As noted above, there have been some incredible advancements in medical technology over the last few decades, but the biggest changes are yet to come.
The following emerging technologies are being incorporated in medical facilities across the United States and could offer a number of benefits for nurses and their patients.
Telehealth is a futuristic technology that has already been implemented in clinics and hospitals around the world.
Telehealth uses video conferencing technology to connect healthcare providers to patients. It means that vulnerable patients don't need to leave their homes, contagious patients don't need to linger in waiting rooms, and patients in rural areas can get professional help at home.
Telehealth promotes patient safety and provides improved patient outcomes, which is ultimately the end goal of all medical technologies.
Machine Learning and AI
Machine learning is a process by which large amounts of data are given to a computer system to teach it about patients, nurses, and healthcare in general.
For instance, if you add millions of records from patients who have suffered heart attacks, including their lifestyle/dietary habits and whether or not they survived for the proceeding 10 years, the system can learn which habits are more likely to cause heart attacks and which ones could help to improve a patient's prognosis.
These systems are already being used in education, recruitment, and marketing sectors, and they could soon become ubiquitous in nursing education and patient care.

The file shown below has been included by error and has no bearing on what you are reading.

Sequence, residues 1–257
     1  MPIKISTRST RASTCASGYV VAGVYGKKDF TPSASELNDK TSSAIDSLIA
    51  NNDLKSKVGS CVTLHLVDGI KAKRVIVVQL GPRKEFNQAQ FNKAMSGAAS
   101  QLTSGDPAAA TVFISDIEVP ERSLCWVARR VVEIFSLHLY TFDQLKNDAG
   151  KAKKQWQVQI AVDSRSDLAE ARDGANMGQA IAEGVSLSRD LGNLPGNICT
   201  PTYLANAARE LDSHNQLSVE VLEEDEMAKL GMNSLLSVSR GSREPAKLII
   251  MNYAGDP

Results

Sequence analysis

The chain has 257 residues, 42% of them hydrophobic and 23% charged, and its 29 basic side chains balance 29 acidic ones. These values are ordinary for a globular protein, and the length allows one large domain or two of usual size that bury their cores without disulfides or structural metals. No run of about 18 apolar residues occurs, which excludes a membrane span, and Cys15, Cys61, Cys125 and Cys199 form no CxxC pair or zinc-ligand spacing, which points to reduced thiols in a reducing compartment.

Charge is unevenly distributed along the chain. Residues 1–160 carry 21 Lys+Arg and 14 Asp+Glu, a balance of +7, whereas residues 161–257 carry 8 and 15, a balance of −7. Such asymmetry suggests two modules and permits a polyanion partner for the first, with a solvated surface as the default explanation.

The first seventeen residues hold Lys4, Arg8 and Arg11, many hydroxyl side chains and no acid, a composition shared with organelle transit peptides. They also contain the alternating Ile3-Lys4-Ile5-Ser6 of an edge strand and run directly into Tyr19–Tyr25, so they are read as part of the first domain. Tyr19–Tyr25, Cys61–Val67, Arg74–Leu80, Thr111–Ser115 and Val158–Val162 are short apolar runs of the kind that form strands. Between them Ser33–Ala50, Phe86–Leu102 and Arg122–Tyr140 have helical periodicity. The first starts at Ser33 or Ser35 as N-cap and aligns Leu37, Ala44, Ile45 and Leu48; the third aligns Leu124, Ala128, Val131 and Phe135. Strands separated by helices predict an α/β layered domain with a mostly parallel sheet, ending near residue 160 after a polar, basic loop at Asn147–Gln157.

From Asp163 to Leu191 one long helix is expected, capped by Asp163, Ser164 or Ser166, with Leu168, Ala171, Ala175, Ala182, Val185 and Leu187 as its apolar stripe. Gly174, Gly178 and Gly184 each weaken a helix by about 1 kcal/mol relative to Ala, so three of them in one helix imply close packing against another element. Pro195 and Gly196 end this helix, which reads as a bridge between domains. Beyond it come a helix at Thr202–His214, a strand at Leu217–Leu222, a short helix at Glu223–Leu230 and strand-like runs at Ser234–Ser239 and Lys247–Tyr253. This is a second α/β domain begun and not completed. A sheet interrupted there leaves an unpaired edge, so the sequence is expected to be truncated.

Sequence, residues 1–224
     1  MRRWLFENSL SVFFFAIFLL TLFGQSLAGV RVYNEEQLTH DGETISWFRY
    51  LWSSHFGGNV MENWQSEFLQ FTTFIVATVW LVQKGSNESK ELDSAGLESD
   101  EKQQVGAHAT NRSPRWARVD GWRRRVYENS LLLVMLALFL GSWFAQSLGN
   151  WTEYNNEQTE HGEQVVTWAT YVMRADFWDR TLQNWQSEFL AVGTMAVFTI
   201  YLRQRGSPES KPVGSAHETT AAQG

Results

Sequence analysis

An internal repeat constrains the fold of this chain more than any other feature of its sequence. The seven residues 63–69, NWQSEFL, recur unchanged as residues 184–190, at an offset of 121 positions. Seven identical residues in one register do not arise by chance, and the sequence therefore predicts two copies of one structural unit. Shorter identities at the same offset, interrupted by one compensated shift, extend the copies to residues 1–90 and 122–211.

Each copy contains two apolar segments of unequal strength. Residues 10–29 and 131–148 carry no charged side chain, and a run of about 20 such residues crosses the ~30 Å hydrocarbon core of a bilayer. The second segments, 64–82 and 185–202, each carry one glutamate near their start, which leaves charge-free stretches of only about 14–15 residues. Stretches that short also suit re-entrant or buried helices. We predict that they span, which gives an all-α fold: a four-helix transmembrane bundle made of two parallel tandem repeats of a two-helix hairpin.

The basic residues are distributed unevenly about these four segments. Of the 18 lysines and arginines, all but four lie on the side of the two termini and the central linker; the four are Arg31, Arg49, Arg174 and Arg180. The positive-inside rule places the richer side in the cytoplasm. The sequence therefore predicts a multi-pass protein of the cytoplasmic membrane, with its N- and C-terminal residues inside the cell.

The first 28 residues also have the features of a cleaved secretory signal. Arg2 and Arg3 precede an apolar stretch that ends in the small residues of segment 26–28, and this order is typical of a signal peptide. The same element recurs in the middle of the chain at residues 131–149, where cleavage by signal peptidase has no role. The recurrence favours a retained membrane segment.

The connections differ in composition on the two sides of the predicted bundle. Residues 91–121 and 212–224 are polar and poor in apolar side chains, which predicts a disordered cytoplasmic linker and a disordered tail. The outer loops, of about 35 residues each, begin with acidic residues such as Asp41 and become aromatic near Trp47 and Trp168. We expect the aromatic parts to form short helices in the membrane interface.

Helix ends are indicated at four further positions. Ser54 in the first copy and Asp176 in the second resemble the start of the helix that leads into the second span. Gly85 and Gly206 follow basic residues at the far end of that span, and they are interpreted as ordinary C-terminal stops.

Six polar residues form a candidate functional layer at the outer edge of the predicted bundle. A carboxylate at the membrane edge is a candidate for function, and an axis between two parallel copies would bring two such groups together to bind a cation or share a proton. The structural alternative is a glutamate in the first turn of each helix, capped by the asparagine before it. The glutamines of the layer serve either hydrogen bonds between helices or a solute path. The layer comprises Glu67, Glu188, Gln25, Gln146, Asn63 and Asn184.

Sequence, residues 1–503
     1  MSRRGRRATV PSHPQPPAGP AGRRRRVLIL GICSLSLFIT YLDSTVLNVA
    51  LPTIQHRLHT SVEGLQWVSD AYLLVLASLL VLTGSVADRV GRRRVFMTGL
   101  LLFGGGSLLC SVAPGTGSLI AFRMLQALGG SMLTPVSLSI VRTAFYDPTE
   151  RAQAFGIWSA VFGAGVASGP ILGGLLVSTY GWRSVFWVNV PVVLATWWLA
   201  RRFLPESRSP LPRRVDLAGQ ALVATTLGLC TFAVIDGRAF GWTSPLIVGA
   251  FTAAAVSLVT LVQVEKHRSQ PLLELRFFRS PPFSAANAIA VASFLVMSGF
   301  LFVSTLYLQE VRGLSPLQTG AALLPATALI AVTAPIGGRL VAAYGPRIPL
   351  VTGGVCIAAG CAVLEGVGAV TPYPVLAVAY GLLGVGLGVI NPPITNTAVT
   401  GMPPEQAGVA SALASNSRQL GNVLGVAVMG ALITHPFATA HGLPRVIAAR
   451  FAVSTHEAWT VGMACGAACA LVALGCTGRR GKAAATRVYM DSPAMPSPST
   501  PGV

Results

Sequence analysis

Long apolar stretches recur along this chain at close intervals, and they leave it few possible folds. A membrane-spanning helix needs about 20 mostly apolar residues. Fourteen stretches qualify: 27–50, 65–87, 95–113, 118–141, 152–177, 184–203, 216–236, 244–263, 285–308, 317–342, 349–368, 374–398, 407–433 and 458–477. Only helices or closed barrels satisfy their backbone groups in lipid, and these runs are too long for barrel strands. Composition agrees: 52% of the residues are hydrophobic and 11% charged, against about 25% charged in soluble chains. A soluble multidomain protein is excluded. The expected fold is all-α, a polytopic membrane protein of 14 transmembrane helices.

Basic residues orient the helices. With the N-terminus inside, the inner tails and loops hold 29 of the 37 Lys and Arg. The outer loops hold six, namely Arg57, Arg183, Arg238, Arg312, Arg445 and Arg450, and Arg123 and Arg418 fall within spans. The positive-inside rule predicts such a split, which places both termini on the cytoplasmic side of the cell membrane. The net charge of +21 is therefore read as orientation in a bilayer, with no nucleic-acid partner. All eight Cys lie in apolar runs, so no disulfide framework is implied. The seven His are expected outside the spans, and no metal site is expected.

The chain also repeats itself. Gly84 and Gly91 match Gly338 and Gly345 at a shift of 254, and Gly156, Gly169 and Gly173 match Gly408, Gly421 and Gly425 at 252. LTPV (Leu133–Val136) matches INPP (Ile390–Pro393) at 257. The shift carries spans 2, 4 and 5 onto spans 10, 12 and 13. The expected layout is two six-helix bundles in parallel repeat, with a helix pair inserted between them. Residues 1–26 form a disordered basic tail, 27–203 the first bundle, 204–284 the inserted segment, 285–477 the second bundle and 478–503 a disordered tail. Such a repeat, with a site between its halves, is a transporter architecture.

Wearable tech is getting more and more advanced with each passing year. Commercial smartwatches can make emergency phone calls, detect when the user has fallen, provide geo-location, and even track a wearer's heart-rate and conduct ECGs.
With a little help from a healthcare professional, these devices can be used to monitor the health of vulnerable patients, including individuals with dementia, vision problems, and a history of heart disease. Caregivers can track a patient's health and location without a face-to-face appointment.
The daily duties of a registered nurse vary from the complex to the mundane, including everything from administering medications and making diagnoses to carrying around trays and disinfecting surfaces.
But that might not always be the case.
Robots that carry essential equipment, clean, and disinfect surfaces, and even support lonely patients are currently in development. These robots are being created by a number of different companies all over the world, including Aethon, Simeks, Diligent Robotics, and Xenex.
Summary: How Nursing Has Changed with Technology
The origins of nursing can be traced back thousands of years, but nursing as we know it today began with Florence Nightingale during the mid-19th century.
Since those early days of providing bedside care by lamplight, nursing has evolved into one of the biggest industries in the world.
Modern nurses have a wealth of tools and technologies at their disposal. Their job is still demanding, and as the population grows and gets older, that's showing no signs of slowing down, but these technological advances have changed the nursing profession for the better, and this is just the start.